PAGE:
Student Work

Design of a Wearable Cooling Device for Advanced Trauma Care


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Amputations, both partial and complete, are extreme traumatic injuries that can leave patients debilitated for the rest of their lives. Regardless of the type of amputation, tissue preservation is critical to allow for potential reattachment. Cooling of tissue in response to trauma has been known to reduce pain, inflammation and general damage by slowing metabolic processes, however current cooling methods are very rudimentary and typically involve basic ice packs or cold water baths. As such, there is substantial room for improvement. To address this need, this project explored a variety of alternative cooling methods and devices to determine the feasibility of each in regard to safety, cooling capability and several other factors. The limitations of current cooling methods were considered and improved upon. Once the best method was selected, a prototype device was designed and built to accommodate a typical human limb while safely employing the cooling method. The device was then tested extensively to demonstrate the effectiveness of the chosen method of cooling therapy. This project serves as a proof of concept and will form a foundation of future work to expand the device to suit a wide variety of amputation applications in a variety of settings. Due to significant intellectual property associated with the project, the specifics of the device explored and tested will not be disclosed in this abstract.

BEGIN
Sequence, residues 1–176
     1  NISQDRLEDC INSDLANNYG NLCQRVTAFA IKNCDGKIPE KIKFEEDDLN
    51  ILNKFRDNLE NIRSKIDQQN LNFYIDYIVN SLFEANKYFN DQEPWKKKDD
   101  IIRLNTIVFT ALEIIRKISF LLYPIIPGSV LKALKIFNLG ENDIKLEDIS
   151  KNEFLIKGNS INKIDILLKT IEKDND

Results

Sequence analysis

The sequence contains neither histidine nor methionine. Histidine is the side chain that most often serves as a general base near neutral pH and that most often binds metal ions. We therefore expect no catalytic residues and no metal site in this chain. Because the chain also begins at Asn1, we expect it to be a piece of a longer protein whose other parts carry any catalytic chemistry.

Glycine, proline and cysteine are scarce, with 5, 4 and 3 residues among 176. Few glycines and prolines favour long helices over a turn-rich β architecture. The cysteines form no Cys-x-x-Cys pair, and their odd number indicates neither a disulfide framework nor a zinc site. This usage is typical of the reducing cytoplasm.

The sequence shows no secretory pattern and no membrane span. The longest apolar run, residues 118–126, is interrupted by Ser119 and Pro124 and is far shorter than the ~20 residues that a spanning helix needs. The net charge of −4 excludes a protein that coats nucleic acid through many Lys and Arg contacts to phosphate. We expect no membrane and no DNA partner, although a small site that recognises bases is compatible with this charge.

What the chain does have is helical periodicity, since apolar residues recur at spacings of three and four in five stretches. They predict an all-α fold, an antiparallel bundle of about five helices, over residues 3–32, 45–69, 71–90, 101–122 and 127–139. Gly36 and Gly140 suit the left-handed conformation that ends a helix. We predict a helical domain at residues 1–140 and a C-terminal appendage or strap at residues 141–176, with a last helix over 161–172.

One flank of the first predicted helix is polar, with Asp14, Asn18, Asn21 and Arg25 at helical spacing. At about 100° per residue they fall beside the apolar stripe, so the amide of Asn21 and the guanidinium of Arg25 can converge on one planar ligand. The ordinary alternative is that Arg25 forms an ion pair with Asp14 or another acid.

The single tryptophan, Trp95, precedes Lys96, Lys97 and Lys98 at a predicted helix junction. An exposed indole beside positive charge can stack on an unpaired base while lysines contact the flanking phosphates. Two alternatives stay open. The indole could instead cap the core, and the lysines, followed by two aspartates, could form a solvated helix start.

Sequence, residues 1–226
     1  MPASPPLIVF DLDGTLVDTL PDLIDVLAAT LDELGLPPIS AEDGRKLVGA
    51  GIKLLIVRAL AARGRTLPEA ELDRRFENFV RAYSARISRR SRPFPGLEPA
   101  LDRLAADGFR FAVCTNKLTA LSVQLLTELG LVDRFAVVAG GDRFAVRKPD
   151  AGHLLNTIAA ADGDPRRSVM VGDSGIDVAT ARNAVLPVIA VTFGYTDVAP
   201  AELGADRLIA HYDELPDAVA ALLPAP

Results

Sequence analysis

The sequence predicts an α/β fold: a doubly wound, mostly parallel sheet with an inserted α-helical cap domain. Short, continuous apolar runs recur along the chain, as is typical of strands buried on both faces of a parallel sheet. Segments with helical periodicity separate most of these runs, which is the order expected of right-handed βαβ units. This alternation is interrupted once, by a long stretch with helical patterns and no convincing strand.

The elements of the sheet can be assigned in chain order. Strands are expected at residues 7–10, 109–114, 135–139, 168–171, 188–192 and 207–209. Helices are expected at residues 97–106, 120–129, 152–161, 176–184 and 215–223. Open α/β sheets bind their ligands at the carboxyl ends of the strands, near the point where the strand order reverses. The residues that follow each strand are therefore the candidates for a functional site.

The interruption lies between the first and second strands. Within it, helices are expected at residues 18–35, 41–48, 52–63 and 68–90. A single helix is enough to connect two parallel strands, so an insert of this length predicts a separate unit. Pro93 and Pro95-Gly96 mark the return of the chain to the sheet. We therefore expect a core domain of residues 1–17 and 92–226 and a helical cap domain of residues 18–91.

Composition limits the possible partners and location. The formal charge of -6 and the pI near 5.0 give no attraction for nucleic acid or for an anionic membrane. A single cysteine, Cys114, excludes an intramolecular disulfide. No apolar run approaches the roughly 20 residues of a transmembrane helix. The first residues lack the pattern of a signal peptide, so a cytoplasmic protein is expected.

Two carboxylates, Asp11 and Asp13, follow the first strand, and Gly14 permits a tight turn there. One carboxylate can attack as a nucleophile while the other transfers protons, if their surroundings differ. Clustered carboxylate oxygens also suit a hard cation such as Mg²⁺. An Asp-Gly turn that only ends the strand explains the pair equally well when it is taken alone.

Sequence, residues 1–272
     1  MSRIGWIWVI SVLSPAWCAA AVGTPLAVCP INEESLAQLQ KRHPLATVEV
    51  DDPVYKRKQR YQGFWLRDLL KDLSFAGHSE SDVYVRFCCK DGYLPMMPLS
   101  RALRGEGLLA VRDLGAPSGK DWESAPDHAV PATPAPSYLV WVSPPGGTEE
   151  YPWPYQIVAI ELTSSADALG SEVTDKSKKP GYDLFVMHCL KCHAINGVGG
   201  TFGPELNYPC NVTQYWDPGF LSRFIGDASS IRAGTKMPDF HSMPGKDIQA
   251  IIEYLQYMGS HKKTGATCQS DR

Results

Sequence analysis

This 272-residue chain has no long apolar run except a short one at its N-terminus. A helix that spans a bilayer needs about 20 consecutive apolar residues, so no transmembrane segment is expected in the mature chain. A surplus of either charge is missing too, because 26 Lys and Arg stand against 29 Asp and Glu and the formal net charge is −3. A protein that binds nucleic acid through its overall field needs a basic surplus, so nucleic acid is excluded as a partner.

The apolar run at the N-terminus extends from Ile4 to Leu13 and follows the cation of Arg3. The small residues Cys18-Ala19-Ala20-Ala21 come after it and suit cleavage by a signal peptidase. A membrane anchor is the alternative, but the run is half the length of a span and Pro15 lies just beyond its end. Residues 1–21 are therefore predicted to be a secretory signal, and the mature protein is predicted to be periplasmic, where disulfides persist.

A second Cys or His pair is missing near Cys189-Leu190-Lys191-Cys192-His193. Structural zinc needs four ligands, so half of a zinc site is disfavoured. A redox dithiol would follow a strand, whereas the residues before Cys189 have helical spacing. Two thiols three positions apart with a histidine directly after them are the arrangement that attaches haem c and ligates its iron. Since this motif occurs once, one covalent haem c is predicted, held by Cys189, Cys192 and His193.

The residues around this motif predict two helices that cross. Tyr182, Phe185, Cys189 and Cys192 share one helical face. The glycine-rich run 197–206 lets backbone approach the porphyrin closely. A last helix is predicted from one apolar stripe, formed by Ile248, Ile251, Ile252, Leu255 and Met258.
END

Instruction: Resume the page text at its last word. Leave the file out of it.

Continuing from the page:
• This report represents the work of one or more WPI undergraduate students submitted to the faculty as evidence of completion of a degree requirement. WPI routinely publishes these reports on its website without editorial or peer review.
  • E-project-042822-134510
  • 65436
  • 2022
UN Sustainable Development Goals
Date created
  • 2022-04-28
Resource type
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